As this week’s club sandwich focuses on offline networking, I thought I’d bring your attention to two excellent opportunities to engage in said networking: The RockMeRetreat! As you know, I’ll be offering the RockMeRetreat once this year starting the 21st of November.

If you’re feeling that you’re unable to make a breakthrough in your career, that your aspirations to become a Rockstar in your field are going unfulfilled, then the RockMeRetreat is just the impetus you need to make your mark. It’s a seven-day leadership retreat in Southern Germany, where you will get to network with professionals and Leaders and gain essential advice and knowledge on kickstarting your career into high gear again!

You really have no excuse to not sign up for this opportunity! Email me for a conversation.

Kind regards,
Angie Weinberger

PS: If you mention anything relevant on social media, don’t forget to tag @angieweinberger

I feel that the era of treating people as numbers on a spreadsheet needs to change, don’t you?

Steps in the right direction are already being taken and I believe that Global Mobility professionals and their increasing value in businesses is the example to rally behind. For the uninitiated, let’s talk today about how you as Human Resources or Global Mobility Professionals can demonstrate and amplify the value they bring to organizations. We had our guest blogger Kevin Castro tackle this very topic last year and it remains highly relevant today, so we are re-sharing the main ideas.

Agile is Fragile

First and foremost, Global Mobility professionals need to be agile. The goal posts are shifting all the time – organizations are reevaluating what is critical to business needs rapidly and adjusting the focus of their teams accordingly. Not only do you need to be aware of these changes as they happen, but you also need to be ready to adapt at a moment’s notice. Agility is the name of the game the most successful professionals in the industry right now are those on top of these trends.

That said, we have yet to test the boundaries of agility and how quickly we can adapt in the face of great change, for instance, how we can use integrated vendor platforms such as TOPIA with all the data protection regulations within Europe. There’s also the issue of adoption of agile technologies. For instance, I find that sometimes, even using a shared document on Google Drive or OneDrive already seems to be considered innovative for many companies I work with. (Some often still have paper files!)

Business Acumen and Language

Second, and this one is for those who interact with business leaders, start engaging with them on matters that concern the business directly. By conversing with the various team leaders, you will gain a better understanding of business goals and targets – this understanding will help you make the right suggestions that help the business get closer to those goals! In addition, this sort of engagement will put you in a better position to demonstrate your value – more on that in the next section. A great example would be to understand the growth markets of the company you work for and gaining deeper insights into their legislation. For example, if your growth potential is in India, try to at least understand an Indian payroll slip. (I know that this is almost impossible, but hey we love challenges.)

Communication

An important but often ignored part of demonstrating one’s value is the simplest: communication. Communication is key to a successful personal life but it’s equally important to the well-being of your professional one! It’s a well-known secret that many organizations slip up when it keeps to assignment tracking, so why not remind them, regularly? It’s for your good, after all. A presentation, an email, a newsletter, highlighting key successes and listing all that you’ve accomplished will go a long way in ensuring that senior leadership is aware of the value you bring the company. When was the last time you mentioned a successful expatriation of key talent to the C-Suite? When did you create a report that showed the company the cost-saving you achieved by creating a more effective compensation and operating model?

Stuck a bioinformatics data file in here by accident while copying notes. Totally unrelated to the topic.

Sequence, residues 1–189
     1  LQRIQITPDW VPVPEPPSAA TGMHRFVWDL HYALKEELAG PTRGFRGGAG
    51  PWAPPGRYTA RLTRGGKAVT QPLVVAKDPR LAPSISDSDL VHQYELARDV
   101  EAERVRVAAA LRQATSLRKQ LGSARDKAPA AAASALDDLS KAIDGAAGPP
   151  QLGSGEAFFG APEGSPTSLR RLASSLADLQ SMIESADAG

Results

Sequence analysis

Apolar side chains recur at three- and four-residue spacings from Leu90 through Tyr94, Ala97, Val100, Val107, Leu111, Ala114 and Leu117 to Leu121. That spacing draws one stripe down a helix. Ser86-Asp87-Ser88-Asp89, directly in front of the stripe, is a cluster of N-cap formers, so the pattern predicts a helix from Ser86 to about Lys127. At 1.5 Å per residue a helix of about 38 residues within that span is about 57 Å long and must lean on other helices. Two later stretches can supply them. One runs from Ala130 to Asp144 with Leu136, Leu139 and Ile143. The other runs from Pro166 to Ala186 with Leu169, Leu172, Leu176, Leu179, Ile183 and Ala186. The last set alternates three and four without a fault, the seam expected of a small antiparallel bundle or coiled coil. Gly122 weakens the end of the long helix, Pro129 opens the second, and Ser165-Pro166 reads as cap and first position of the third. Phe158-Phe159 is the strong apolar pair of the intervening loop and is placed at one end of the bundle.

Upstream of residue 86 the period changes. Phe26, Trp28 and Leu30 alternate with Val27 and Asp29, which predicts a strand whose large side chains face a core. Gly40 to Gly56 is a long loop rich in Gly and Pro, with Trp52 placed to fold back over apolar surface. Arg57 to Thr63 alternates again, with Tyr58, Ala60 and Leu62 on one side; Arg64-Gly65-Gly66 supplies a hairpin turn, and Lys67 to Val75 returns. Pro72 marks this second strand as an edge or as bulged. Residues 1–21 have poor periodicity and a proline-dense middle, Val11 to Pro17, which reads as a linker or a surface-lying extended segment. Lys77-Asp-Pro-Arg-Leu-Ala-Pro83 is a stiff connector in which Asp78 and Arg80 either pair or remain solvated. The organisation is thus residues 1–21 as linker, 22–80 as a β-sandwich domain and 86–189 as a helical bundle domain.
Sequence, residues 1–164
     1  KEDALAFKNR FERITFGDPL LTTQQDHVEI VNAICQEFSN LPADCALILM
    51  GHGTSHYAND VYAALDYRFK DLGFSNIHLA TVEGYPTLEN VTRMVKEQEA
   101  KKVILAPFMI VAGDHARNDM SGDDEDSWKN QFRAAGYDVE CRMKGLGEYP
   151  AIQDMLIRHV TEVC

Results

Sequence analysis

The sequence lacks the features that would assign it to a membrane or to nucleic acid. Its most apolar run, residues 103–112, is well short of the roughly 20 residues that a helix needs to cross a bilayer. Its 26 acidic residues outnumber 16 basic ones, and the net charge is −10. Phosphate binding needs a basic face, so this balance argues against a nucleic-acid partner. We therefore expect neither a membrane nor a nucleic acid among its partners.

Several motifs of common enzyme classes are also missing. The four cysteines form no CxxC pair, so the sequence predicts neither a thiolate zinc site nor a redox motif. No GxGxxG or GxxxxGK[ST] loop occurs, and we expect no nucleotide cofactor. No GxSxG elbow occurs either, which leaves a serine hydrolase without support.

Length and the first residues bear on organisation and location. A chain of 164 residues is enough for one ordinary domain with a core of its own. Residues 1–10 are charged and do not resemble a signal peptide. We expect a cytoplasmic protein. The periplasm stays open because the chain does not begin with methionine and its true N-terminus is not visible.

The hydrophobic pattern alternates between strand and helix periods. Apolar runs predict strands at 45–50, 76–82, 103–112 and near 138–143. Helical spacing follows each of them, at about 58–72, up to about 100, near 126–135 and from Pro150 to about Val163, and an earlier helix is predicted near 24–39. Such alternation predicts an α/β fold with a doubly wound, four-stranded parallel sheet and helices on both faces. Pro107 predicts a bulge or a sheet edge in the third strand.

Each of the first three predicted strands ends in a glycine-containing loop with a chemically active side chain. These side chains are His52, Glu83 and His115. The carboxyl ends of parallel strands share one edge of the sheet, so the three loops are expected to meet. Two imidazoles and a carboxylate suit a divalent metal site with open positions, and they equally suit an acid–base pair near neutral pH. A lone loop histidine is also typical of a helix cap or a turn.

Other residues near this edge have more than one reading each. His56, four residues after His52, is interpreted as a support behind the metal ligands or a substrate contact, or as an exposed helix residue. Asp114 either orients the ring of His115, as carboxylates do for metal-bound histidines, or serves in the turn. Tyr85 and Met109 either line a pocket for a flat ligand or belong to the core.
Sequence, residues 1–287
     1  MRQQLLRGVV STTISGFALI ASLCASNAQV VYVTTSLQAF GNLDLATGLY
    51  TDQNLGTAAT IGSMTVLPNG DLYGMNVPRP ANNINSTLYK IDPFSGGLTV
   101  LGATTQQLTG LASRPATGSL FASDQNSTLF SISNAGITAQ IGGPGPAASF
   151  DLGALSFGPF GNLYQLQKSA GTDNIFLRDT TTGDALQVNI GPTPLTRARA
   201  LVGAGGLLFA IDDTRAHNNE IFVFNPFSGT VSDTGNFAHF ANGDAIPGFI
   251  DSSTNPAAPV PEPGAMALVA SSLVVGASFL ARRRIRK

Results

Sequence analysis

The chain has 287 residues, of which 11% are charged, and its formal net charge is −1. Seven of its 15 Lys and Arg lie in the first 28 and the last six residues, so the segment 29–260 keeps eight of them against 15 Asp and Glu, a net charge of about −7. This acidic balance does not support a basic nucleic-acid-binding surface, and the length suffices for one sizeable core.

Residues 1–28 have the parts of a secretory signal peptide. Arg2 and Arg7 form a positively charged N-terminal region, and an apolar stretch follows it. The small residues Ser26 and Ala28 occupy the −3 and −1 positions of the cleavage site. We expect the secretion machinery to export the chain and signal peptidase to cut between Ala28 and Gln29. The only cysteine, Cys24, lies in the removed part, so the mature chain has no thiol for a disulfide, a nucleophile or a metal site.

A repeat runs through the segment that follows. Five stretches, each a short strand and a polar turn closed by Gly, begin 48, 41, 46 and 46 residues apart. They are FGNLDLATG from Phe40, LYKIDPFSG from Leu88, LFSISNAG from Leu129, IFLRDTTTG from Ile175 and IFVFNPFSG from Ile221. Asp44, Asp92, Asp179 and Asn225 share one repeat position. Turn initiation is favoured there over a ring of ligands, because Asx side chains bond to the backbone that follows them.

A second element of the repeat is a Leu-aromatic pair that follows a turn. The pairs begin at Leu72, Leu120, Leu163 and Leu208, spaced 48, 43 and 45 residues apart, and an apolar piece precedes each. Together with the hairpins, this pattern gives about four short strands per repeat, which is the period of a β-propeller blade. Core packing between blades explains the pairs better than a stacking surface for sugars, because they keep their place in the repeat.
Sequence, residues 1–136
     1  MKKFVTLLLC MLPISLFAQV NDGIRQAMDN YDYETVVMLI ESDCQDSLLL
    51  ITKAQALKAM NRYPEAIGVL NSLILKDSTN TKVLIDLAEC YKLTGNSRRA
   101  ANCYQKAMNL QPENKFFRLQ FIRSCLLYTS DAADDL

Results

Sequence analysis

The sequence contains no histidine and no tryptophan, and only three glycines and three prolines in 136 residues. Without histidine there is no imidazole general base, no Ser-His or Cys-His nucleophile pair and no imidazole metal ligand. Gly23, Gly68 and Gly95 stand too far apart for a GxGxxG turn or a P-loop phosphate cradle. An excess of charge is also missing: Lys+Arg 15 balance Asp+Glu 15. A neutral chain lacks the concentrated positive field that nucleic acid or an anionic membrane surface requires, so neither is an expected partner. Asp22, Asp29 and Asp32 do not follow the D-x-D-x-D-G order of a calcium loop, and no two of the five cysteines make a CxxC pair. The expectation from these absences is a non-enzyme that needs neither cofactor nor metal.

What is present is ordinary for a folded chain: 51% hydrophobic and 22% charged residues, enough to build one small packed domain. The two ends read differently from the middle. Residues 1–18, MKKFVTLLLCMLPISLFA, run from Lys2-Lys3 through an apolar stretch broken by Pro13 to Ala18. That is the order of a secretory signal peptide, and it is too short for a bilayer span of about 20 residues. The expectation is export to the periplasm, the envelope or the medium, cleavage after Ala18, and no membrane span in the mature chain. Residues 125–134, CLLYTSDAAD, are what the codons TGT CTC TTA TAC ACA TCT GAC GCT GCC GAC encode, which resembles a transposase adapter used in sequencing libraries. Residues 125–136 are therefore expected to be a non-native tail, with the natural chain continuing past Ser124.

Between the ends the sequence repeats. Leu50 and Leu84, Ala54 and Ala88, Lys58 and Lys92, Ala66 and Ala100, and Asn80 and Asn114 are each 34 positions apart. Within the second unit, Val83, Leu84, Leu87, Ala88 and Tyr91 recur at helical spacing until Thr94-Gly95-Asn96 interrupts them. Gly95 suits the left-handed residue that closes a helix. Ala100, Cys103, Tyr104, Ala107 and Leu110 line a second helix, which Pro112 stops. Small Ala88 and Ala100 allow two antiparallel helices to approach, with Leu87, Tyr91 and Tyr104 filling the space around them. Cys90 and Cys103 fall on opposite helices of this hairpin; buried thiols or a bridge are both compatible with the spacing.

Expertise

Finally, it is critical for any GM professional to know how to flaunt their expertise. This sounds like common sense but in my experience, I’ve found it surprising just how many people express hesitation or reluctance when it comes to the subject of selling one’s skills. It’s important for all professionals, doubly so for GM professionals! You are the expert of your field, that’s why you were hired after all – you should demonstrate this expertise more often.

Our domain is a rapidly evolving playing field of ever-shifting requirements, technologies, and expectations. This is in addition to the language, cultural and geographical integration requirements. You –  are expected to have a multitude of knowledge, attitude, skills and you need to learn to constantly reflect your experiences and integrate body learning into your attributes.

Develop and Grow Global Competency

I tackled this topic in detail on last week’s “Club Sandwich”, you can catch up with the post here.

One way to build your knowledge base is to join the Global Mobility courses at the Expatise Academy in Rotterdam, Holland.  I’m currently teaching several courses, which are all now available to YOU, online. My courses deal with Global Mobility Competencies, while also focusing on intercultural competency, building solid international assignment business cases and most importantly, bringing the human touch back into our processes. There are all sorts of other technical courses available as well, by experts in the fields of immigration, taxation, social security, and employment law.

Check out the new and shiny “Educate Yourself Platform” by Expatise Academy now.  

Please mention me when you sign up to qualify for a discount via this link or email learning@expatise.academy.

Let’s keep our momentum going and aim to be even better at what we do. I believe in the “Future of Global Mobility” (#FoGM) and that we will grow in scope and influence.

Kind regards,
Angie Weinberger

PS: If you mention anything relevant on social media, don’t forget to brand it with #GlobalMobility.